➤HENRI DRENCHING NORTHEAST WITH RAIN: The weather system that used to be Hurricane Henri has been drenching parts of the Northeast with rain as it's moved slowly through the region after making landfall Sunday afternoon near Westerly, Rhode Island, as a tropical storm. Henri moved northwest through Connecticut after making landfall, and the system has dumped rain as far southwest at New Jersey and northeast Pennsylvania. It's expected to stall for a while, but then head back east today across New England and eventually go out into the Atlantic Ocean. Parts of northern New Jersey into southern New York could see up to a foot of rain. Over 140,000 homes have lost power as of early this morning.

➤HARRIS BEGINS SOUTHEAST ASIA TRIP: Vice President Kamala Harris began her Southeast Asia trip in Singapore Monday, meeting with President Halimah Yacob and Prime Minister Lee Hsien Loong, on her second foreign trip since taking office. After the meetings, the White House announced several new agreements with Singapore, including ones aimed at fighting cyberthreats, climate change, and the pandemic, and fostering cooperation on space exploration and defense issues. The trip, which will also include a visit to Vietnam, is part of the administration's efforts to counter Chinese influence in the region.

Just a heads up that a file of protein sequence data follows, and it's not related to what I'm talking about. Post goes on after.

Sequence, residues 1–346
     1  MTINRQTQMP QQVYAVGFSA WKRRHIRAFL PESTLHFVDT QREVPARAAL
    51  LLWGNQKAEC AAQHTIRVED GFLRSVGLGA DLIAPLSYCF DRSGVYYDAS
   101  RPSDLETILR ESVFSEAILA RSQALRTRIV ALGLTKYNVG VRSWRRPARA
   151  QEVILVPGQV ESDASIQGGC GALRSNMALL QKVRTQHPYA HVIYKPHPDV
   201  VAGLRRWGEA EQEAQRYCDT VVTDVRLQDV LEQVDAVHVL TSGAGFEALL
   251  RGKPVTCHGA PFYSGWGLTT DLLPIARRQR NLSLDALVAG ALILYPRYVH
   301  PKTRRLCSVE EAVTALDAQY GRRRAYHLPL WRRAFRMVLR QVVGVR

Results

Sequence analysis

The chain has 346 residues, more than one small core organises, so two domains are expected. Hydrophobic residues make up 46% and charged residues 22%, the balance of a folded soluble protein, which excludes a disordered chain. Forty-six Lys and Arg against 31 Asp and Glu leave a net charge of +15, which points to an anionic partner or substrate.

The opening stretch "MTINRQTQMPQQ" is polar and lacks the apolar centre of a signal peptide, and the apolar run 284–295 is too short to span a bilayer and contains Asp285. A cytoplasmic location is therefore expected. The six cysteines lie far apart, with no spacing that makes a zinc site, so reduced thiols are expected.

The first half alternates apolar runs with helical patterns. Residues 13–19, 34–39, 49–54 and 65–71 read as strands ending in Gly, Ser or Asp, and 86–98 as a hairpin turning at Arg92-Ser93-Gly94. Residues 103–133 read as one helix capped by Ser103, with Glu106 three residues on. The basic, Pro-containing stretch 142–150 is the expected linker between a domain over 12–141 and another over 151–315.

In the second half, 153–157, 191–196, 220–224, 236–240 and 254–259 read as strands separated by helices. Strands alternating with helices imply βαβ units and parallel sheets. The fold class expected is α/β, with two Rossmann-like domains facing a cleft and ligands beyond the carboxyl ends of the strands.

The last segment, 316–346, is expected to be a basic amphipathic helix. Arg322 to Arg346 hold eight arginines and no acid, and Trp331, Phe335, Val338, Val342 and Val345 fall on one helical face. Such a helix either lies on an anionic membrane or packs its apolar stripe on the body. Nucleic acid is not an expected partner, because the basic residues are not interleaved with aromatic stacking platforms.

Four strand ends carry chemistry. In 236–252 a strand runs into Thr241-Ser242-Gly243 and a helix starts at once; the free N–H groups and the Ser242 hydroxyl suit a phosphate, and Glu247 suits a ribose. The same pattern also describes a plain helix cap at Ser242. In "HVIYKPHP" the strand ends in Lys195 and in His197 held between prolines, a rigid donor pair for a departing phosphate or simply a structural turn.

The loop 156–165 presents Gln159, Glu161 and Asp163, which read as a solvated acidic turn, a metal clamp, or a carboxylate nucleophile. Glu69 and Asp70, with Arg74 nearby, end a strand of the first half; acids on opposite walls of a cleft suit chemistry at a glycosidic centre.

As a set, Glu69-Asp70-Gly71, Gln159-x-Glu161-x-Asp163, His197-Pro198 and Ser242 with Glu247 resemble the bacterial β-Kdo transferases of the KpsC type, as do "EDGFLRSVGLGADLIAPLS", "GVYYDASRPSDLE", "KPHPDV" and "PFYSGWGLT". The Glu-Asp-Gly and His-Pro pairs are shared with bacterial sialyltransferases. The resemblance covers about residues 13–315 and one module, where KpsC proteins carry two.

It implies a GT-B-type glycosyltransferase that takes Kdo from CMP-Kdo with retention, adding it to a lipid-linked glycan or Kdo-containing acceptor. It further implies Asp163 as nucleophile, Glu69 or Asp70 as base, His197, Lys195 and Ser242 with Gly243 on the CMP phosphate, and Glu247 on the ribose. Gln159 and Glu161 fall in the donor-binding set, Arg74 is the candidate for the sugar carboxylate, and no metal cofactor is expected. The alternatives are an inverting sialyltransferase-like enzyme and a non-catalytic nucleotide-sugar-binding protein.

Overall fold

🚍THERE'S A SCHOOL BUS SHORTAGE: Amid the many issues facing schools across the country this fall because of the Covid-19 resurgence, an unexpected factor complicating the return to school is a shortage of school bus drivers. AP reports that 81 percent of school districts are having trouble finding enough school bus drivers, according to a survey by school ride-service company HopSkipDrive. There's been a shortage before, but it's gotten worse during the pandemic. To try to get drivers, school districts in Delaware and Montana have begun offering cash incentives, and other places have increased the salary and offered programs to help people get their commercial driving licenses.

➤REP. GAETZ, UNDER INVESTIGATION IN SEX TRAFFICKING PROBE, MARRIES GIRLFRIEND: Republican Rep. Matt Gaetz of Florida, who is under investigation as part of a sex trafficking probe, married his girlfriend, Ginger Luckey, on Saturday. The two eloped to California, where they had a small ceremony on Catalina Island.